Primary stakeholdersThe stake holders were Fulton County Board of Commissioners, the Department of Health Services, and the Department of Planning and Community Services (formerly the Department of Environment and Community Development). LHD's roleThe LHD’s role is to provide oversight to the program, specifically the Medical Director. The LHD in this instance is the facilitator of this practice, which is to provide programming with a specific environmental justice focus. The program reaches across all program, departmental, and governmental sectors. Other divisions within the Department provide support to the program by providing data (e.g. epidemiological data) as needed. The Environmental Planner is an employee of the Department of Health Services and is the coordinator for the program. The Environmental Planner plans the activities and facilitates opportunities for environmental justice consideration. Stakeholders/partners The Board of Commissioners role was to allocate funding for the Environmental Justice position. Creation of positions requires Board approval and funding for positions must be a part of the yearly budget. The Department of Planning and Community Services and the Department of Health and Wellness provided input as to where the Environmental Planner positions should be assigned. During the planning for the establishment of an Environmental Planner position, the Department of Health Services was responsible for outlining the duties of the Environmental Planner. Once the position was approved, the Department of Health and Wellness also was responsible for developing the duties and an initial work plan for the Environmental Planner. The Fulton County Department of Health and Wellness identifies situations where environmental justice is not being considered and offers support to provide that focus through the Environmental Planner. The Environmental Justice Program provides support to community members by providing technical expertise related to the environment and land uses. The Environmental Planner also acts as an advocate for community members with planning discussions and decisions. The Environmental Planner also provides information regarding development and policies to affected citizens. As an example, the Environmental Planner has conducted site visits with concerned citizens around their communities to identify, confirm, and/or inform of particular environmental hazards. There has been feedback given to community members as to what entity should be contacted in getting get the issues resolved. The program encourages input from community members to decision-making processes. With the relationships that have been formed, community members and the Environmental Planner know one another by name, have spent face-to-face time, and have worked on projects together. There is bi-lateral communication between community members and the Environmental Planner for the purpose of information sharing. Information is shared via telephone calls, e-mails, and physical meetings. The interactions are not threatening, non-confrontational. Community members have expressed their issues and concerns freely. The relationships that have been developed with community members have helped to further the goals of the Environmental Justice program. Community members have at times requested the input of the Environmental Justice Program, which in turn has given rise to other opportunities for environmental justice input through their networking and collaborations. Community members have made sure that their voices are heard in the decision-making process, raising questions and concerns about health impacts and environmental justice. The public participation, one of the key elements of environmental justice, has helped to demonstrate the need for a staff to be dedicated to providing scientific-data and expertise for the specific purpose of considering environmental justice and public health in preliminary planning discussions. Lessons learnedOne lesson learned in developing collaborations is that every contact is significant. While there may not be a partnership realized immediately or at all with the contacts made, collaborations were often formed through referrals. There have been instances where an individual recognized the need for Environmental Justice to be at the table and recommended the Environmental Planner on staff. Another lesson is that it is important it is beneficial to develop collaborations that fall within the scope of what has been decided to be the program focus. There are various activities that could involve environmental justice input. However, maintaining focus will help to prevent resources (time) being spent that could be otherwise more effective. One barrier in developing collaborations has been timing. In the earlier stages of ramping up the Environmental Justice Program, there were missed opportunities to participate and provide environmental justice input. While after the process or decision entities expressed how it would have been beneficial to have the input, people (internal and external to the organization) were not aware of the Environmental Justice Program and the resource availability by way of the Environmental Planner when the input could have been use. Another barrier has been obtaining grant funding to further the relationships to implement actual projects within the community. There have not been sufficient resources to effectively seek and obtain grants to further the environmental justice work and partnerships. Tasks taken that achieve each goal and objective of the practiceThe specific tasks taken to achieve the goals and objectives from having a designated staff person focused on environmental justice were as follows: 1. The achievement of providing public health input during preliminary planning discussions (zoning, advisory/steering committees, policy development, etc.) began with informing citizens, businesses, Fulton County Departments, and other jurisdictions of the Environmental Justice Program and the hiring of an Environmental Planner. In addition, information about the program was shared via Fulton County Government Television. With regards to the zoning process, there was a process in place prior to hiring the Environmental Planner for providing health comments to zoning applications submitted to unincorporated areas of and municipalities within Fulton County, Georgia. The Environmental Planner expanded the review and response to zoning applications to include environmental justice comments as applicable. As more people and organizations learned of the available resource from Fulton County focusing on environmental justice in addressing health disparities, the need facilitated the opportunities to participate in advisory and steering committees, to offer recommendations for policy, and to further a health in all policies approach. 2. The building of partnerships/collaborations to address environmental justice issues involved primarily networking. The Environmental Planner attended community meetings, governmental public meetings, seminars, etc. From those networking activities, linkages were made and opportunities to collaborate were presented. 3. The tasks that have been taken to affect policy changes begin in the first year of the Environmental Planner assuming the position when a Health Impact Assessment was conducted. In 2011, the Environmental Justice Program introduced to Fulton County Government the consideration of health input into its decisions through the Fulton Industrial Boulevard Framework: Rapid Health Impact Assessment (HIA), which informed the Board of Commissioners on recommendations to addressing issues of concern by the stakeholders (residential and business community). That HIA resulted in a “No Idling” Policy. Since that time the Board of Commissioners has sought input and recommendations to address health disparities through the Environmental Justice initiatives. Timeframe The major part of the task to inform citizens, businesses, Fulton County Departments, and other jurisdictions of the Environmental Justice Program and of the hiring of an Environmental Planner was approximately eight (8) months. Because the Environmental Planner was the main staff person attending and presenting the information and that Fulton County has a large population and number of community groups, even in the central areas Fulton County where the disparities are the greatest, it would have been difficult to make the contacts that were made in less time. While there was a period of informing, that task still continues and is necessary. Similarly, the timeframe for networking is not finite; it is an ongoing process. The process of conducting the HIA was about six months. Outline of some basic steps The specific tasks completed to achieve a functioning Environmental Justice Program within the Fulton County Department of Health Services included: • Seeking approval from the Fulton County Board of Commissioners to budget for the creation of an Environmental Planner position • Requesting approval from the Fulton County Board of Commissioners to recruit and assignment of duties for the Environmental Planner position • Advertising the position • Completing interview process • Extending an offer to the candidate • Initiating of duties and coordinates program implementation by the incumbent • Scheduling presentations in the community to inform about the program and its goals • Identifying and engaging stakeholders in specific program activities • Developing a standard operating procedure for ensuring public health input into land use planning decisions. Lessons learned 1) Relationship building is ongoing and imperative. Since the Environmental Justice Program currently consists of one staff person, making new connections and maturing those relationship have proven to be key in the success of the program. Collaborations have included community members (residential and business), academia, community organizations, and other governmental entities. The Environmental Planner has served as a support to many projects within Fulton County, supporting the work and providing environmental justice and public health input. 2) Identification of the scope of work parameters (what will and will not be done) aids in ramping up the program. Because the needs are great related to health disparities, there are numerous activities or tasks that could be conducted. While the basic duties and responsibilities of the Environmental Planner were outlined at the point of hiring, the specific tasks to making it happen were not spelled out. The Environmental Planner had to be instrumental in coordinating and ramping up the program.3) It does not take a great deal of resources to be effective. There have been significant accomplishments with the current resource (Environmental Planner). Since 2010, the Environmental Planner has been instrumental in further implementation of the program, recommending policies and operational changes, providing environmental input to development, planning, and policy activities internal and external to Fulton County Government. Key personnel appropriately placed can affect change. Cost of implementationThe start-up cost was and a yearly budget is $75,000 for the salary and benefits of the Environmental Planner.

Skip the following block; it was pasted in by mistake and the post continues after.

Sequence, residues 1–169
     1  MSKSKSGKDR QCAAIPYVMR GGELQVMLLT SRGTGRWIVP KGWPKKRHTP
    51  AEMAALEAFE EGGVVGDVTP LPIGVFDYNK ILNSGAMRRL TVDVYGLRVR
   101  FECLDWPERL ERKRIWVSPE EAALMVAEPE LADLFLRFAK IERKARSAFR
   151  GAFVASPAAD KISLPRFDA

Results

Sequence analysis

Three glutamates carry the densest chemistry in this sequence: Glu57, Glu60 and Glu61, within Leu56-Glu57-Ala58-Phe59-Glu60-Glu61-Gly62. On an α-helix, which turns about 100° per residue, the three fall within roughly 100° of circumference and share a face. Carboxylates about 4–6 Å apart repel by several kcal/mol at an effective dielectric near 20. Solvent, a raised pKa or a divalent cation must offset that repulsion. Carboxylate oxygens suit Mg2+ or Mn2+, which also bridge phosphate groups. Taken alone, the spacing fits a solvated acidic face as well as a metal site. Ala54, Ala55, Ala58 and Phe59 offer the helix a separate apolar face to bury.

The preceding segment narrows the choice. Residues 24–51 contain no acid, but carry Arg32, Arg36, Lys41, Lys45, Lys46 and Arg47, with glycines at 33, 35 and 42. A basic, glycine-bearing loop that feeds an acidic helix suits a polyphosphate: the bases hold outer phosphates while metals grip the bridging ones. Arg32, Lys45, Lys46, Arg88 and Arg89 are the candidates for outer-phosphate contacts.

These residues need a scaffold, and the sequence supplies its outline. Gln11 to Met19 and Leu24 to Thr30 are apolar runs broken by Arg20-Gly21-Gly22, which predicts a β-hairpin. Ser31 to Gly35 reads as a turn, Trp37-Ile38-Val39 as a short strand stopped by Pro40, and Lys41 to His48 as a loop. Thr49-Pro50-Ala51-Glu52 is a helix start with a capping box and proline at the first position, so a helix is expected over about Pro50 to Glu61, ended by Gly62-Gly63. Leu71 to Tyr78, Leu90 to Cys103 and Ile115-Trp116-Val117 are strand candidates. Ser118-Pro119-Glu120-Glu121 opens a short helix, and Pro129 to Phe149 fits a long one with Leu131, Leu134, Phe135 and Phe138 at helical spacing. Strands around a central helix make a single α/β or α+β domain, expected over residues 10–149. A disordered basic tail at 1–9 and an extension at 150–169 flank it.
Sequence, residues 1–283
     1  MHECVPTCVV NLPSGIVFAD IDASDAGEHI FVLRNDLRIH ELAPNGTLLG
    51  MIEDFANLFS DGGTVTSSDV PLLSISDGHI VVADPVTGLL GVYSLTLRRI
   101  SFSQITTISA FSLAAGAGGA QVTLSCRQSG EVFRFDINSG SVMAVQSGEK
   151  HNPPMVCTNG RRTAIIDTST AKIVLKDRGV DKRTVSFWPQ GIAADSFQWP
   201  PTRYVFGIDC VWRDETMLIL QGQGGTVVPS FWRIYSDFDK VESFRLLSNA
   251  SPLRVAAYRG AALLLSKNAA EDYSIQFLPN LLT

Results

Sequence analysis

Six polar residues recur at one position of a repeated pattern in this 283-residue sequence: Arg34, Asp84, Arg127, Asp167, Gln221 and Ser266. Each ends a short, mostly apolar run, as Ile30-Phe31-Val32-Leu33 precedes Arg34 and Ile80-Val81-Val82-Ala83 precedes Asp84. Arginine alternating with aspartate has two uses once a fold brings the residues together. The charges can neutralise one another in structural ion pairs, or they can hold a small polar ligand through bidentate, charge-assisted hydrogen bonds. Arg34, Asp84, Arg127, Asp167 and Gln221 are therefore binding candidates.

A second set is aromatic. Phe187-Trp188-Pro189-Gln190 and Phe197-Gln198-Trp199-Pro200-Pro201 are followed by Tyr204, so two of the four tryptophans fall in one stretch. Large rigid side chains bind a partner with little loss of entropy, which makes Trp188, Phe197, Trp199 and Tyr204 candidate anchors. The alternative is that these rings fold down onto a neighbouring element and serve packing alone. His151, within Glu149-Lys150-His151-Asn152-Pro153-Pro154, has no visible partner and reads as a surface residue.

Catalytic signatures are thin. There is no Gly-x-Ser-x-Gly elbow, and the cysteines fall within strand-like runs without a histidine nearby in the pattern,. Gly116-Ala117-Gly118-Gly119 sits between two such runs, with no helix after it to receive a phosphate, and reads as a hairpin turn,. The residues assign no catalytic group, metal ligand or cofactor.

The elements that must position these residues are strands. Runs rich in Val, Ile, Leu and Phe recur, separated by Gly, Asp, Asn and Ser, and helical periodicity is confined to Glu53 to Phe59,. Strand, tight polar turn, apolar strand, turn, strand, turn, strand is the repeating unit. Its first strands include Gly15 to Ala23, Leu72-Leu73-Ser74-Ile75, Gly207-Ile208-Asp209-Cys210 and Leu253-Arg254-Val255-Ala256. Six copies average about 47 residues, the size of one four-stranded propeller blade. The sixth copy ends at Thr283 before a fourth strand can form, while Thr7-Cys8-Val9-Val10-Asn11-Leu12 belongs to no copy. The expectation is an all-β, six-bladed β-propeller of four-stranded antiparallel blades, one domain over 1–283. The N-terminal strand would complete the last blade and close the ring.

The Environmental Justice Initiative Logic Model lays out the evaluation framework for the components of the initiative. The logic model is an overall picture of how the inputs, activities, and outcomes will enable the County to reach the long terms goals of the initiative of reducing exposure to environmental hazards and reducing the disproportionate burden of pollution sources on minority and low-income communities. Objective 1:Process Objective: Provide public health input during preliminary planning discussions (zoning, advisory/steering committees, policy development, etc.) Performance Measures: Number of planning discussions during which Environmental Planner provided input; Target: 100% Data: The Environmental Health Planner maintains records on the nature and number of planning discussions on which input is provided. Evaluation Results: The Environmental Planner has been providing input on zoning cases in 14 municipalities in Fulton County. Since the Environmental Health Initiative was established in 2010, the Environmental Planner provided environmental justice and health impact input into 283 cases (106 in 2010, 102, in 2011, and 705 in 2012, to date). That is, 100% of all zoning cases vetted by the zoning boards of all 14 municipalities have included input on the potential health impact zoning changes could have on the health of community residents. Thus, the annual performance measure for providing health impact input in zoning cases has been fully achieved annually. Since 2010m the Environmental Health Planner has participated in 11 advisory groups and steering committees with a role of providing environmental justice and public health input. Feedback: Results have been received by the Fulton County Board of Commissioners; Fulton County Citizens Commission on the Environment; Planning and Zoning Department; Director Department of Health Services. Lessons learned from these results is that while it is clear that the Environmental Health Planner has been fully successful at providing health impact input to inform the zoning review process there is a need to enhance monitor to understand the extent to which such input factors into the decisions to approve or decline zoning amendments. Objective 2:Process Objective: Build partnerships to address Environmental Justice Issues Performance Measures: Number of Partnerships formed. Data: Environmental Health Planner maintains records on the number, types, and roles of partners in the Environmental Justice Initiative. Evaluation Results: The Environmental Justice Initiative works with more than 21 partners from the federal, state, local and community based sectors. The following is not a conclusive list of partners: Planning Departments of Atlanta, Johns Creek, Roswell, Milton, Sandy Springs, Unincorporated Fulton County; Fulton County Schools; Georgia Department of Natural Resources; Environmental Protection Agency Region IV; Green Law; Park Pride; West Atlanta Watershed Alliance; Mothers and Others for Clean Air; Environmental Community Action Inc. (ECO-Action); Atlanta Beltline Partnership; Atlanta Beltline, Inc.; City of Atlanta Neighborhood Planning Units; Fulton County Local Emergency Planning Committee; Georgia State University Public Health Institute and Health Policy Center, Georgia Institute of Technology-Center for Quality Growth and Regional Development; Rollins School of Public Health, Emory University. Partnership development is an ongoing process. The EJ Initiative has been fully successful at establishing a diverse set of partners that support the goals of the initiative. Feedback: Results have been received by the Fulton County Board of Commissioners; Fulton County Citizens Commission on the Environment; Planning and Zoning Department; Director Department of Health Services. Establishment of a diverse set of partners is critical to the success of environmental justice initiatives. An important lesson learned in development of partnerships is that partnership development is an ongoing and evolving process. Relevant stakeholders must be engaged that have a keen interest in environmental justice issues affecting specific communities. The degree to which partners will choose to engage in partnerships to address environmental justice is correlated to the degree to which the impact of land use decisions on exposure to environmental hazards is understood. Objective 3:Outcome Objective: Develop and implement new policies and/or policy changes that promote reduction of exposure to environmental health hazards. Performance Measures: Number of policies and policy changes enacted. Data: On behalf of the Department of Health and Wellness the Environmental Health Planner drafts policies relevant to achieving the goals and objectives of the Environmental Justice Initiative. All health related policies are promulgated by the Fulton County Board of Commissioners and are maintained by the Clerk of the County Commission. Evaluation Results: Three major county policies have been promulgated as a result of activities led and coordinated by the Environmental Health Planner. 1) A county-wide No Idling Resolution was promulgated which protects the public’s health by reducing vehicular emissions from County-owned and operated vehicles. This No-Idling resolution was passed based on data generated by a rapid Health Impact Assessment conducted of plans to redevelop an industrial corridor of south Fulton County that abuts residential communities with large populations of minorities and low-income residents. The No-Idling Policy is intended to counter the effects of the increase in diesel vehicle traffic that would occur due to the commercial redevelopment. 2) A standard operating procedure was created to implement policies and procedures for conducting environmental justice review of zoning requests in the context of the health implications of the proposed zoning petitions and amendments. 3) Resolution establishing a Fulton County an Environment Justice Workgroup to develop recommended policies and projects to enhance environmental justice in Fulton County Feedback: Results have been received by the Fulton County Board of Commissioners; Fulton County Citizens Commission on the Environment; Planning and Zoning Department; Director Department of Health Services. Having a dedicated staff member solely focused on development of policies through citizen engagement and through a deliberate process using tools such as the Health Impact can provide a scientific basis for support of policies that protect citizens from environmental hazards. Policies must be developed in a way in that all citizens are protected from environmental hazards in addition to those populations that are most vulnerable.
Stakeholder CommitmentThere is sufficient stakeholder commitment in that the Fulton Commissioners have had a longstanding goal for Health and Human Services, specifically to coordinate health and social services, in collaboration with the justice system and community partners, and to provide prevention programs to needy and at-risk populations that enhance the quality of life. On August 16, 1995, the Fulton County Board of Commissioners acknowledged the implementation of Executive Order 12898 in a Resolution instructing staff to prepare a report on the issue of Environmental Justice. Executive Order 12898 requires federal agencies to develop plans and programs to eliminate environmental discrimination, and to protect people who live in low-income neighborhoods or in areas where minorities predominate from being exposed to environmental hazards and having projects imposed which destroy the community. On March 6, 1996 the Fulton County Board of Commissioners approved a set of Comprehensive Policies and Plans to address Environmental Justice issues in Fulton County. These policies stipulated that any uses or activities which could pose a potential or immediate environmental threat to the health and wellness of nearby residents should not be concentrated in vulnerable communities with low income or predominantly minority populations As part of the historical and ongoing support of the Board for Environmental Justice concerns on January 20, 2010 the county budget was amended to include an Environmental Planner Position to focus on Environmental Justice concerns. After three budget cycles, the Environmental Planner position continues to be funded. The Environmental Planner has contributed environmental justice - related recommendations and information to the Board of Commissioners as well as to other departments and personnel which are internal to Fulton County Government. Since hiring an Environmental Planner, there has been more policies approved that crosses sectors as oppose to the historical policies which were focused on comprehensive planning policies related to land use. The progress that has been made has aided in garnering support for the existence of the Environmental Justice Program. SustainabilityAlthough Fulton County is working under a shrinking budget, there is not any plan to discontinue the Environmental Justice Program, specifically to fund the Environmental Planner position. The Environmental Planner position is funded out of the general fund for Fulton County. Sustaining an Environmental Planner assigned to the Department of Health Services is matter of the salary being budgeted. The practice of assigning a staff person within public health, who is specifically focused on environmental justice, does not require a large budget. There is not a need to leverage resources to fund the position at this time or in the foreseeable future. As long as the Board of Commissioners maintains its commitment to environmental justice and addressing health disparities, it is expected that the Environmental Planner position will continue to be funded. However, should the capacity of the Environmental Justice Program be built, it may require the leveraging of resources and outside funding.